else
            return last_index_table&#91;0&#93;&#91;bbix.val16&#91;3&#93;&#93;;
    &#125;
&#125;

//-------------------------------------------------------------------------------------------------
//  Number of "1" bits in the BBIX
//-------------------------------------------------------------------------------------------------
int bit_count&#40;BBIX bbix&#41;
&#123;
    return bit_count_table&#91;bbix.val16&#91;0&#93;&#93; +
           bit_count_table&#91;bbix.val16&#91;1&#93;&#93; +
           bit_count_table&#91;bbix.val16&#91;2&#93;&#93; +
           bit_count_table&#91;bbix.val16&#91;3&#93;&#93;;
&#125;
Pretty much the approach is divide and conquer for first/last. I need to know which part has the first/last bit and then lookup the corresponding table. For each bitboard I need 2 if's and one lookup.

I'm using microsoft, so the methods/tables are adjusted for the LSM, MSB microsoft stuff (I hate this part). So it may require some configuration for other plataforms.

On my computer I got better performance that resulted a couple of thousand nodes searched.
It is not worth to simply move a bitboard to BBIX.val64 and then use the new methods, otherwise you have the overhead of moving data. You need to have the data on the BBIX structure.
Here is part of my genmove using the new method:

Code: Select all

        
                BBIX piece, attacks, moves;

	piece.val64 = STM_STATE.piece&#91;ROOK&#93; | STM_STATE.piece&#91;QUEEN&#93;;

	while&#40;piece.val64&#41;
	&#123;
		from = &#40;char&#41;last_index&#40;piece&#41;;

			// rankfile_east
	        attacks.val64 = rankfile_east&#91;from&#93; & board.occupied_squares;
        if &#40;attacks.val64&#41; 
        &#123;
            to = &#40;char&#41;first_index&#40;attacks&#41;;
            if &#40;OPP_STATE.square&#91;to&#93;)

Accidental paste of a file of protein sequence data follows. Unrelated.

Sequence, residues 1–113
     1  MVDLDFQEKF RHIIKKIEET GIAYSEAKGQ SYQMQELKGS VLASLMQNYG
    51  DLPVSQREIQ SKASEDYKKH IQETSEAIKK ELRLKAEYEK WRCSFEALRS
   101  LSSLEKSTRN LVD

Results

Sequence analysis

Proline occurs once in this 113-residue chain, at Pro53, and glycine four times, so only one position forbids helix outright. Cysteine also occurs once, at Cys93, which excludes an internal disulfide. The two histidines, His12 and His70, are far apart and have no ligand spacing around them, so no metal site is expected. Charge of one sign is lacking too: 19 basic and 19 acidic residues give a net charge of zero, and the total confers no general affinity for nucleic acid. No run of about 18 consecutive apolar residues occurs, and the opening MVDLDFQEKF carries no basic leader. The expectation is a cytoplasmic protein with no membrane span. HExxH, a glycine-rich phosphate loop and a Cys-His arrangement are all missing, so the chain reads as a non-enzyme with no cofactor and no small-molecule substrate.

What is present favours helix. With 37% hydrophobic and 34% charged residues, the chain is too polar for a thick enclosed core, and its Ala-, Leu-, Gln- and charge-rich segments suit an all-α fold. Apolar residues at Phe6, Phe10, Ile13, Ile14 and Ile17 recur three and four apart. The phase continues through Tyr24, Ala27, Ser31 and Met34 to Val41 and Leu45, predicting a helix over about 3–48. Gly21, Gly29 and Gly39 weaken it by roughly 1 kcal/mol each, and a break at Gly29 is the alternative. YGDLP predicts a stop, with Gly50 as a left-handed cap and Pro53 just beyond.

add_capture&#40;from, to&#41;;
            moves.val64 = from_to_path&#91;from&#93;&#91;to&#93;;
        &#125;
        else 
            moves.val64 = rankfile_east&#91;from&#93;;
        while&#40;moves.val64&#41;
        &#123;
            to = &#40;char&#41;first_index&#40;moves&#41;;
            add_move&#40;from, to&#41;;
            CLRBIT_IX&#40;moves.val64, to&#41;;
        &#125;
	//....
The biggest gain was in the first_index and bit_count.
In my tests I got those numbers on my 32bit windows. Didn't had a chance to test 64bit yet.

first_index new 13,937ms old: 41,793ms
last_index new 14,118ms old: 18,283ms
bit_count new 1,856ms old: 35,833ms

As I said, hope this is useful, and please point out anything you find if you do any tests.

Once again, thanks everyone and hope this is usefull.

Alcides Schulz.

Re: Introduction and (hopefully) contribution - bitboard met

Posted: Fri Jun 03, 2011 4:02 pm
by mcostalba
sedicla wrote:Here is the code I used for tests:
I'd suggest to test with random numbers, not with a linear loop that increments the target bitboard. Otherwise for the CPU becomes easy to predict the branches inside first_index() and friends and the results are better than what you would achieve in a real game.

Even better to test the speed of the engine, not just the functions alone because they use big tables and result could be different if there is a concurrent pressure to use the L2 cache memory.

Re: Introduction and (hopefully) contribution - bitboard met

Posted: Fri Jun 03, 2011 5:01 pm
by sedicla
mcostalba wrote:
sedicla wrote:Here is the code I used for tests:
I'd suggest to test with random numbers, not with a linear loop that increments the target bitboard. Otherwise for the CPU becomes easy to predict the branches inside first_index() and friends and the results are better than what you would achieve in a real game.